Ayaz — It’s amazing but I’ve never heard of these greetings before. It’s almost embarassing to admit that such beautiful traditions exist in our culture, and yet I’ve never heard of them.
Naguib — But haven’t your parents ever mentioned this to you?
Ayaz — No. All mum says is, ‘Bye, take care’ when I go out and ‘Hello’ when I come in. When I go to bed, it’s ‘Goodnight’ with a kiss. Come to think of it mum never says Ya Ali Madad to her friends either. It’s always ‘Hi Jenny’ and ‘Hi Sakar’.
Naguib — It’s very sad to hear that we ignore our traditions. I guess it’s alright to say ‘Hi’ and Hello’ to non-Ismaili and non-Muslim friends. But I do feel that we ought to use As-salaam-alaykum and Ya Ali Madad when greeting Muslim and Ismaili friends.
Don’t you think it would be nice to say Ya Ali Madad before leaving for school, then again on returning from school, and finally when going to bed? And parents could say Mawla Ali Madad, i.e. ‘May Mawla Ali help you’ rather than ‘Take care of yourself’.
Ayaz — Yes it would, because then we know that Hazar Imam’s help is always available to us. Mum and dad will be really surprised to night when I say Ya Ali Madad instead of ‘Goodnight’.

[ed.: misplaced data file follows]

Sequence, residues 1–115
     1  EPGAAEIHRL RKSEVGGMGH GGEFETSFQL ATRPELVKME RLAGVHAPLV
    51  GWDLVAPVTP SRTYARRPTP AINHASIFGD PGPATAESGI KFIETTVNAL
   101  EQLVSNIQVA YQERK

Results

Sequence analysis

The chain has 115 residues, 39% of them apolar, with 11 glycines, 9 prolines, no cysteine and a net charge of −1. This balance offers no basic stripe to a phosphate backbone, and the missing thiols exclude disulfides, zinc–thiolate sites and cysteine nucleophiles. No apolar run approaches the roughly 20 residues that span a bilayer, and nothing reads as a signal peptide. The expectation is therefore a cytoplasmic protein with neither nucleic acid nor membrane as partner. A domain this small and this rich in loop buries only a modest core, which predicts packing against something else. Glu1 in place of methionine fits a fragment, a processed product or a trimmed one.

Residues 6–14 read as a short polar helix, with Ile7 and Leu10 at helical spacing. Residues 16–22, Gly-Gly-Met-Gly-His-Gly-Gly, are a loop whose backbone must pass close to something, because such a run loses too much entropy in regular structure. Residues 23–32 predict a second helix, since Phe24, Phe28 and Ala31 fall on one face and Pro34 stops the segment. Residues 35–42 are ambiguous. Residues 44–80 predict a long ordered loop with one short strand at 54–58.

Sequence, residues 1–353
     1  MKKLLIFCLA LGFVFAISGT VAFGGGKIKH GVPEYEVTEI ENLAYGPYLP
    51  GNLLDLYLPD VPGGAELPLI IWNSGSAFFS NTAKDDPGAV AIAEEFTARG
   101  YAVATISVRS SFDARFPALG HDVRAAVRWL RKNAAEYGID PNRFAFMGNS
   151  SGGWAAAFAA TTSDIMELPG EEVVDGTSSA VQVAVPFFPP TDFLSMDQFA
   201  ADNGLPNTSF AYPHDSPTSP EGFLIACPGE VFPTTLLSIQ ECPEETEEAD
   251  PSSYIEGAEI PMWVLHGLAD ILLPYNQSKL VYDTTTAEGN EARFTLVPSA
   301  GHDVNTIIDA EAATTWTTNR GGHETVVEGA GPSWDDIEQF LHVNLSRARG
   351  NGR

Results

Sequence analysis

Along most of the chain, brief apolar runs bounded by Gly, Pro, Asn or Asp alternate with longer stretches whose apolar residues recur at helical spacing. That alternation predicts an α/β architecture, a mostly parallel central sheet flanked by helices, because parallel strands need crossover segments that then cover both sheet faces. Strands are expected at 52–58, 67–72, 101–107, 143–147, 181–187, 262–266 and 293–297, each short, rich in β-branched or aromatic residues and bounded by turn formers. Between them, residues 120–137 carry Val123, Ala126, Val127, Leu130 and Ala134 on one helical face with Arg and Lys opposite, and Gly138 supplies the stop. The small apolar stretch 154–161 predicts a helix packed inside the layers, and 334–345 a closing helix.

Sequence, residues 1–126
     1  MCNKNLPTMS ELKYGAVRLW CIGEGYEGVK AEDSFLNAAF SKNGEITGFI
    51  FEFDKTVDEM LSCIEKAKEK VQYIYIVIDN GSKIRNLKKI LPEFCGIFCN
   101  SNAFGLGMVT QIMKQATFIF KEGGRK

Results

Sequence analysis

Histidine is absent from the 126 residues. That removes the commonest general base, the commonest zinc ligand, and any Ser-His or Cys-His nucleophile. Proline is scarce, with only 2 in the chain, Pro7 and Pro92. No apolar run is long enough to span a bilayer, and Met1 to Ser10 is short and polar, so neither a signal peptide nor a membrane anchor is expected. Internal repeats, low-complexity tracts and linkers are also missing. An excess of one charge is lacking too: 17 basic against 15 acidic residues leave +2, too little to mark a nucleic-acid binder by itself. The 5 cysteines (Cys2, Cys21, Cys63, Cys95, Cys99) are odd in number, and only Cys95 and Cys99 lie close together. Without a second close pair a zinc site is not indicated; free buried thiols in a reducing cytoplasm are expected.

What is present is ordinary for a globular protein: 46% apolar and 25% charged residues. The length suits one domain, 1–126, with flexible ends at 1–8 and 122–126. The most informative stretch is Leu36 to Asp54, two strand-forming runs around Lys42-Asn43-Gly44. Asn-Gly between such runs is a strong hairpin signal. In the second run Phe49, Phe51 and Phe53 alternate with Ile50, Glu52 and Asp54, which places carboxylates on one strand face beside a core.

I’ll surprise Mahmud, my Muslim friend at school tomorrow, too.
Naguib — I bet they’ll be amazed!
Ayaz — How come you know all this. Did your parents tell you?
Naguib — Yes, and I also learn a great deal by attending religious classes which teach us about our ethics, faith and culture. I suggest you enrol at your nearest centre and benefit from the material that we learn there.
Ayaz — Great, I’ll get my mum to enrol me. I’m glad I met you today and you said Ya Ali Madad. I wouldn’t have learnt all this if you’d just wished me ‘Hi’.
Naguib — Well, I’m glad you see the beauty and importance of our tradition. It’s also nice to know that you’ll start attending the classes.
Ayaz — Yes, I’ll make a point of attending the classes. Thank you very much for being so patient and explaining all this to me.
Naguib — Not at all – I’m glad I could be of help.